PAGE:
Japanese archaeologists have announced that they had unearthed ancient Roman coins at the ruins of the medieval Katsuren castle in Okinawa. Suffice it to say, this is very first time that ancient Roman objects have been discovered in ‘faraway’ Japan – thus alluding to a really odd scope where archaeological evidence clashes with conventional historicity. In any case, the coins in question here pertain to ten copper and bronze specimens, and the oldest ones among them date from around 300 – 400 AD, which corresponds to the late Roman empire period.
This is what archaeologist and professor at the Okinawa International University, Hiroki Miyagi had to say about the fascinating find (to AFP) –
At first I thought they were one cent coins dropped by US soldiers. But after washing them in water I realized they were much older. I was really shocked.
Now since we are talking about historicity, the Katsuren Castle (Kacchin Gushiku) was originally built on a large limestone hill, with its two sides facing the Pacific Ocean. As for its previous archaeological record, the castle, designated as a UNESCO World Heritage Site in 2000, was home to exquisite tile works and Chinese porcelain, all dating from the contemporary 15th century. And by the next century, the fortress was probably abandoned, in spite of its strategic location that allowed it to function as a trading post that facilitated trade between Japan, Korea, China, and Southeast Asia.
As for the context of this incredible discovery, a team of archaeologists have been conducting their excavation project at the castle site since 2013. And analysis of these coins by X-ray assessment revealed that some of the specimens were embossed with Roman letters and possibly the image of Emperor Constantine I, accompanied by a spear-armed soldier. Interestingly enough, the researchers have also found other types of coins, with few having their origins in 17th century Ottoman Empire.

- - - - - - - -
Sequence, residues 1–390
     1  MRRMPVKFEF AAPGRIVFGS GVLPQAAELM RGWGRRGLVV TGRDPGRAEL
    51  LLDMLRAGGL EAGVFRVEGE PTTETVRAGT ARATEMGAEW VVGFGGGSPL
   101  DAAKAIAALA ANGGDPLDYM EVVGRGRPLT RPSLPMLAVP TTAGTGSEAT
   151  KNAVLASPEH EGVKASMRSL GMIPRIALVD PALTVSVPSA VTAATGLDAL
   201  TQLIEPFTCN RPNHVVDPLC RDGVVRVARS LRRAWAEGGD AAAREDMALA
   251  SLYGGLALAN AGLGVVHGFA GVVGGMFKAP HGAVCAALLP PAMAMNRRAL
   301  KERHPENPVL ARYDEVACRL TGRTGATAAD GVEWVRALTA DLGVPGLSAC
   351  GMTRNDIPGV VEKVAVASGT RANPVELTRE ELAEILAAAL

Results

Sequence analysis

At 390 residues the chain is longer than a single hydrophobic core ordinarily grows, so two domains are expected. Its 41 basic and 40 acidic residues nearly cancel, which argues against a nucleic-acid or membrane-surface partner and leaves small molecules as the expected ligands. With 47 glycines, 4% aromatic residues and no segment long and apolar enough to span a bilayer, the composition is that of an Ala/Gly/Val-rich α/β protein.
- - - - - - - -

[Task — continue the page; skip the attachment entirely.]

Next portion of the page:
This bizarre scope naturally brings up the question – how did ancient Roman coins turn up in a medieval Japanese castle. Unfortunately, the archaeologists are as clueless as the rest of us, especially since the feudal lords residing in the Katsuren Castle were not known to have any European business ties (though they were involved in regional trade networks). Miyagi added –
East Asian merchants in the 14 and 15th centuries mainly used Chinese currency, a round coin with a square hole in the middle, so it is unlikely that the Western coins were used as a means of currency. I believe they probably got the [Roman] coins in Southeast Asia or China.
Via: Seeker (Discovery News) / Images Credit: Kyodo
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